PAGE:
But Sperling acknowledged to reporters that automatic government spending cuts known as the sequester, the subject of bitter debate across the country, could slow the initiative.
 
President Obama also signed an Executive Order directing federal agencies to make government information open and more accessible to the public. He says this will promote job growth, greater government efficiency.

You May Like

Multimedia Anti-Keystone XL Protests Continue

Demonstrators are worried about pipeline's effect on climate change, their traditional way of life, health and safety More

Thailand's Political Power Struggle Continues

Court gave Prime Minister Yingluck Shinawatra until May 2 to prepare her defense over abuse of power charges but uncertainty remains over election timing More

Malaysia Plane Search Tests Limits of Ocean Mapping Technology

Expert tells VOA existing equipment’s maximum operating depth is around 6 kilometers as operation continues on ocean bed for any trace of MH370 More

This forum has been closed.
Comments
     
There are no comments in this forum. Be first and add one

Featured Videos

Your JavaScript is turned off or you have an old version of Adobe's Flash Player. Get the latest Flash player.
Pet Kangaroo Helps Spread Environmental Messagei
X
Penelope Poulou
April 22, 2014 5:53 PM
Children’s author Julia Heckathorn travels the world to learn about different ecosystems and endangered animals. She pours her knowledge into children’s books, hoping the next generation will right the environmental wrongs of our times. As in many children's books, the main character in Heckathorn's stories is an animal. Unlike those other characters, though, this one is real - a kangaroo, that lives in the author’s backyard. VOA’s Penelope Poulou has more.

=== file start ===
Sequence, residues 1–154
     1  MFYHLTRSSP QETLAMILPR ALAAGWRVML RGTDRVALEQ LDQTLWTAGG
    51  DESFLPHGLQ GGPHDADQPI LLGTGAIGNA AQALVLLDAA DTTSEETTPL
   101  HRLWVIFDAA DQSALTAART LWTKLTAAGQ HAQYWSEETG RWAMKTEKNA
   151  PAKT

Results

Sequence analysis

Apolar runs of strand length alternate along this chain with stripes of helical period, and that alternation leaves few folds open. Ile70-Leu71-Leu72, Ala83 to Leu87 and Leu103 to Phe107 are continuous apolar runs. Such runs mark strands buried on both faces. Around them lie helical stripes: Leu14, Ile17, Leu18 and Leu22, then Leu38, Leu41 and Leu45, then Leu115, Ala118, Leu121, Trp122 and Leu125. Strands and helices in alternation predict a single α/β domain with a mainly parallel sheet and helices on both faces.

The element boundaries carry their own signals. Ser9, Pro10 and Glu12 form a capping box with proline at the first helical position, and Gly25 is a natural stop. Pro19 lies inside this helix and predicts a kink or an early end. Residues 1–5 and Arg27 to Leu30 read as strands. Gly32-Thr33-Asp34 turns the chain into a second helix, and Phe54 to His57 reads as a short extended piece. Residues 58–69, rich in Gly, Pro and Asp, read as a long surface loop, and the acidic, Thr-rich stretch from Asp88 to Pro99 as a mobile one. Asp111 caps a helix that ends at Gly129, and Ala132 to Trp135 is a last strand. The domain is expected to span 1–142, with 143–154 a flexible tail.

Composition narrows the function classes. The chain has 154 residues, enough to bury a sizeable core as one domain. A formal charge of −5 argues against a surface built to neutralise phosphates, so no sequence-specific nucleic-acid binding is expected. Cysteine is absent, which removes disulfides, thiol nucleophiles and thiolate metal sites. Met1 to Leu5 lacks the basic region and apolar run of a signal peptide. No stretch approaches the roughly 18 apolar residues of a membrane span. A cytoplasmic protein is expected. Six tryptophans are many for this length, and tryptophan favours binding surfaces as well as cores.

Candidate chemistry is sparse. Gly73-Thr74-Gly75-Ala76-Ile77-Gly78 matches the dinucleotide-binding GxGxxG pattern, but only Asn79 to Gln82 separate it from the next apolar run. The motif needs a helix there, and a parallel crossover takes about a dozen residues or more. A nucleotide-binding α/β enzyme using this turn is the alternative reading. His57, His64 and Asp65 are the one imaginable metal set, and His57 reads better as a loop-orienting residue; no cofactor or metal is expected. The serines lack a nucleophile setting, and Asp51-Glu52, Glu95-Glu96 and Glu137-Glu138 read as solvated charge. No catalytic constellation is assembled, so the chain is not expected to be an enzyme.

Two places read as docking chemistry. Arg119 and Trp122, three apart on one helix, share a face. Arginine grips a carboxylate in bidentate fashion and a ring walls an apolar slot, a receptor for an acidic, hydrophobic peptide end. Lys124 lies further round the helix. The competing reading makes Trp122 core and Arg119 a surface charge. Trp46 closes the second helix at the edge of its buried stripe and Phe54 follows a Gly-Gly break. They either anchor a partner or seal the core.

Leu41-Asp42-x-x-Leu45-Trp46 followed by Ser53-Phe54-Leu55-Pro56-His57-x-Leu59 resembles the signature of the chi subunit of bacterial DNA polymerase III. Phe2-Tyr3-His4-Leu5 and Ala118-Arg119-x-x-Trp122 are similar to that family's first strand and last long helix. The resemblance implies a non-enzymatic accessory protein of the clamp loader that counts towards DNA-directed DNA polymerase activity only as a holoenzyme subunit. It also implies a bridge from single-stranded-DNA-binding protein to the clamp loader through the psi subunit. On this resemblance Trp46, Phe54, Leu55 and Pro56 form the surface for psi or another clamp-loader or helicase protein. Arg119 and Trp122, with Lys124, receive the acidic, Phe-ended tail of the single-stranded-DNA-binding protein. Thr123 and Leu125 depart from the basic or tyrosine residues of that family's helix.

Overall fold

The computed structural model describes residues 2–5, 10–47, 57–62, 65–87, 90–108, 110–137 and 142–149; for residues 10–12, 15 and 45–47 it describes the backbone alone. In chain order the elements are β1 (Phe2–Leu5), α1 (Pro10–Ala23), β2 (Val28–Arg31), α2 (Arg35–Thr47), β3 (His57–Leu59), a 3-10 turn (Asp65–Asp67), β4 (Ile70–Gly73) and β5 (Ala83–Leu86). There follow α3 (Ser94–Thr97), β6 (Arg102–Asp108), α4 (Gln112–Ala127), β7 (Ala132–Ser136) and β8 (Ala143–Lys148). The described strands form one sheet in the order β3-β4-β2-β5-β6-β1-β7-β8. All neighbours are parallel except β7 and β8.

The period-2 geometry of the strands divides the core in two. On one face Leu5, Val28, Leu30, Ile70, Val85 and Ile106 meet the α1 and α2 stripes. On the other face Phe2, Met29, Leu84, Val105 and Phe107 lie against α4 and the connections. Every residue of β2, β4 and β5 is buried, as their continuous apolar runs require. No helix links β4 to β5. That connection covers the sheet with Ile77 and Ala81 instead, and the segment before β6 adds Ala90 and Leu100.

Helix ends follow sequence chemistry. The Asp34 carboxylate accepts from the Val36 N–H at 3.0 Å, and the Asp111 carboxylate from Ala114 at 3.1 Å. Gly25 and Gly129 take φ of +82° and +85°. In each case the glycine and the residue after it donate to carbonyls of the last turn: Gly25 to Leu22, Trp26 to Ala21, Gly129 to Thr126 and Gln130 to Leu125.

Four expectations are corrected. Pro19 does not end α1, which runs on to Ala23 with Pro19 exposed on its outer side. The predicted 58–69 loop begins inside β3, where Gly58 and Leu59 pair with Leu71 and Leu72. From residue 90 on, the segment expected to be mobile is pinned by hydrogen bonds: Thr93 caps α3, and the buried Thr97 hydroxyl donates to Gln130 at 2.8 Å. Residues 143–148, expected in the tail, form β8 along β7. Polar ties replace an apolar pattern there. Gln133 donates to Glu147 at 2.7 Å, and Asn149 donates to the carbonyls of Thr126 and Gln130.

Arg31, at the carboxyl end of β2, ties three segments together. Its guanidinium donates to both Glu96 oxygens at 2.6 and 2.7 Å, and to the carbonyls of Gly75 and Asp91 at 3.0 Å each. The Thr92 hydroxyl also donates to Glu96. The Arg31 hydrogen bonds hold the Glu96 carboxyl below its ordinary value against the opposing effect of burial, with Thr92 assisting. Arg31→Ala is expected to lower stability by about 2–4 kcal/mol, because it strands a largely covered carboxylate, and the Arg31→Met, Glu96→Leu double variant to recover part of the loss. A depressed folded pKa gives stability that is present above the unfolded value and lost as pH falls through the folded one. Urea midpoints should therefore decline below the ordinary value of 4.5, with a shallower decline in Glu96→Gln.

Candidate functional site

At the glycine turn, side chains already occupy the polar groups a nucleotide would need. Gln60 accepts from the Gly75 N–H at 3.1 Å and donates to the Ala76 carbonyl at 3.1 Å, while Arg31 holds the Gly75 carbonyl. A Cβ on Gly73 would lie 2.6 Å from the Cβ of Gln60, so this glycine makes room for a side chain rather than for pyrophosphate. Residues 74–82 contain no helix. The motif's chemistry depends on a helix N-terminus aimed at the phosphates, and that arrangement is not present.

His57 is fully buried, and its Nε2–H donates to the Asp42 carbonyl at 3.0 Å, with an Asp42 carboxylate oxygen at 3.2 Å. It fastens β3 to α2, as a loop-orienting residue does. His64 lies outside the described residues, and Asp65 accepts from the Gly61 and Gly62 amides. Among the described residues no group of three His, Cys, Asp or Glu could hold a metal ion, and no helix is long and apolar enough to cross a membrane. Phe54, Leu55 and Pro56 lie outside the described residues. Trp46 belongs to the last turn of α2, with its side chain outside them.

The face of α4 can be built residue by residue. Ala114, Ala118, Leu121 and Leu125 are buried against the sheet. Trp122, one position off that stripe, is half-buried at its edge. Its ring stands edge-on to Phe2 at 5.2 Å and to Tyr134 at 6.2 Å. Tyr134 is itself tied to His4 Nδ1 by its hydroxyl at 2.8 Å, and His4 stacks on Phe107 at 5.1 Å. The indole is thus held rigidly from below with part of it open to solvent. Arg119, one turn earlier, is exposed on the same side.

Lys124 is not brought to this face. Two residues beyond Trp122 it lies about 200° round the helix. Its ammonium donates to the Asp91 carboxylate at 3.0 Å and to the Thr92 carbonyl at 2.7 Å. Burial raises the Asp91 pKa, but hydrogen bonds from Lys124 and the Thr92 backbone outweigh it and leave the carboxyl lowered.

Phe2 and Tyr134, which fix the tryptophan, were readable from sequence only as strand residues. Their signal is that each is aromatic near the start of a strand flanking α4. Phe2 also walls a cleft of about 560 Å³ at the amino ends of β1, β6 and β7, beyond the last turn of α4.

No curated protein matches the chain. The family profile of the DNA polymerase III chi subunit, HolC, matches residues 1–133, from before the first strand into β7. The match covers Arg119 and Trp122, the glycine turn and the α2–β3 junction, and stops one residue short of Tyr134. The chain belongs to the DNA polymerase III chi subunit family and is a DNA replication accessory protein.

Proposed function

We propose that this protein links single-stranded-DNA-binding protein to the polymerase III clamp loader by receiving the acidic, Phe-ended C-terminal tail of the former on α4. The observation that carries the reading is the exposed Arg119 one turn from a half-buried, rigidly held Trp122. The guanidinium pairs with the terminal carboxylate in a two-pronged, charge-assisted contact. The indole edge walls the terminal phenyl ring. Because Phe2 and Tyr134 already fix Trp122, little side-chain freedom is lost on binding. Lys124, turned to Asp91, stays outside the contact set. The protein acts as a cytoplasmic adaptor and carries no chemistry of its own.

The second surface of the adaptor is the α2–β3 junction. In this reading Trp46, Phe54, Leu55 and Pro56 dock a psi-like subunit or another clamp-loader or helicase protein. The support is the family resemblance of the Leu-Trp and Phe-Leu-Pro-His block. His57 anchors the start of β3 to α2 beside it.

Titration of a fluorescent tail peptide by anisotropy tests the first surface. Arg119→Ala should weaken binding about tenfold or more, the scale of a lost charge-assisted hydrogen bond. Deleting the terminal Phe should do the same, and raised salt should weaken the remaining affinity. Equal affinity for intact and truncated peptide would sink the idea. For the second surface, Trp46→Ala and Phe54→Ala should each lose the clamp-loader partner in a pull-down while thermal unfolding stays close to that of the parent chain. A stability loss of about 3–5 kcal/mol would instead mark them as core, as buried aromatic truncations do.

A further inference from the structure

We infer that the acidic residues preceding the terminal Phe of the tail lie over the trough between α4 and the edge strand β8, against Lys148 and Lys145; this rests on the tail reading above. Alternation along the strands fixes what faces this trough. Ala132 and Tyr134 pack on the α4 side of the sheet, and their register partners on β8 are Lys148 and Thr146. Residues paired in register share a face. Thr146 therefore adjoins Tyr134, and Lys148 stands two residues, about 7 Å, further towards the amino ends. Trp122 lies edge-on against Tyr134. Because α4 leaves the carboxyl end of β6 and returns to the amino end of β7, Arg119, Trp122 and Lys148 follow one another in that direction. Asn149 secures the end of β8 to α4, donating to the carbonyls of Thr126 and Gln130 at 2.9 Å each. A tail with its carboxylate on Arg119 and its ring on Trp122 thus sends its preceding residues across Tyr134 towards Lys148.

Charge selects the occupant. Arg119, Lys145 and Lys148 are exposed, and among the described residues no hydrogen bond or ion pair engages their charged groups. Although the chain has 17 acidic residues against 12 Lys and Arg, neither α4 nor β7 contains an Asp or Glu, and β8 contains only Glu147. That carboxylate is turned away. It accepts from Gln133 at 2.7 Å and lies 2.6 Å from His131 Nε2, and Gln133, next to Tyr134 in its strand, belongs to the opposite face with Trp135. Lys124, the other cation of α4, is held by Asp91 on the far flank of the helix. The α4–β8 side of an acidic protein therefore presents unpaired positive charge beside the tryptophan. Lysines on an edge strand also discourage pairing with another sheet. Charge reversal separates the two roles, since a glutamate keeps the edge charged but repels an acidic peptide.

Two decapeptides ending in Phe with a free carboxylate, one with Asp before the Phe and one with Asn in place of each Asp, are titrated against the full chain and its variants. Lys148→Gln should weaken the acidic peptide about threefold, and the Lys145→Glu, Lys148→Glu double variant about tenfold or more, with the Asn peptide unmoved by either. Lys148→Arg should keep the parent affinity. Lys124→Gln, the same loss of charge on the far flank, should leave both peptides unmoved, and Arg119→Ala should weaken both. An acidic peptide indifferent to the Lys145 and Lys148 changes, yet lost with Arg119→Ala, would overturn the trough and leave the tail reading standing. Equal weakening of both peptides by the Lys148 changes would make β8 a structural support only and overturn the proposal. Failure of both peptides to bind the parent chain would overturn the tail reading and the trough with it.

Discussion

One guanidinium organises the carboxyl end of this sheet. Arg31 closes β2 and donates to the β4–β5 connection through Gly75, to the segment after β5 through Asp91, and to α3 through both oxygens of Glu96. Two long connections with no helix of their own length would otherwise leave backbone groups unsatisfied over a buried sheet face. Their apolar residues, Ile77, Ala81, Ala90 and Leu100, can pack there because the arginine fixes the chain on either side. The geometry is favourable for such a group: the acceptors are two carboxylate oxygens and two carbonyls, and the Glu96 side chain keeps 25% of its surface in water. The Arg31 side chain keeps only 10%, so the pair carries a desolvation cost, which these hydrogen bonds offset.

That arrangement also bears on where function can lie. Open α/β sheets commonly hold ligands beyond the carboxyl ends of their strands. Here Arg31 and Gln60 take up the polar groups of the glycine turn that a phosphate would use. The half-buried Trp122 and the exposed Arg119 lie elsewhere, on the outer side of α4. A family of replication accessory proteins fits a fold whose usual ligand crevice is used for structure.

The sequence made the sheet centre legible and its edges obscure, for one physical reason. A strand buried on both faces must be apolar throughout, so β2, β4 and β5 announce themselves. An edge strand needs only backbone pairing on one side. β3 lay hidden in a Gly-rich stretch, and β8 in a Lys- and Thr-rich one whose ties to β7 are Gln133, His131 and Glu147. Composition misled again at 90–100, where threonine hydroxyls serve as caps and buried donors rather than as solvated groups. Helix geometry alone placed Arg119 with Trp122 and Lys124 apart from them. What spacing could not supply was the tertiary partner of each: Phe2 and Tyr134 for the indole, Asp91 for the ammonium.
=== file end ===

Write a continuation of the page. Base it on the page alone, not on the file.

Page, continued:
Video

Video Pet Kangaroo Helps Spread Environmental Message

Children’s author Julia Heckathorn travels the world to learn about different ecosystems and endangered animals. She pours her knowledge into children’s books, hoping the next generation will right the environmental wrongs of our times. As in many children's books, the main character in Heckathorn's stories is an animal. Unlike those other characters, though, this one is real - a kangaroo, that lives in the author’s backyard. VOA’s Penelope Poulou has more.
Video

Video Pro-Russian Separatists Plan 'Federalization Referendum' in Eastern Ukraine

Pro-Russian separatists in eastern Ukraine say they plan to move forward next month with a referendum vote for greater autonomy, despite the Geneva agreement reached with Russia, the U.S. and Ukraine to end the political conflict. VOA's Brian Padden reports from the city of Donetsk in Eastern Ukraine.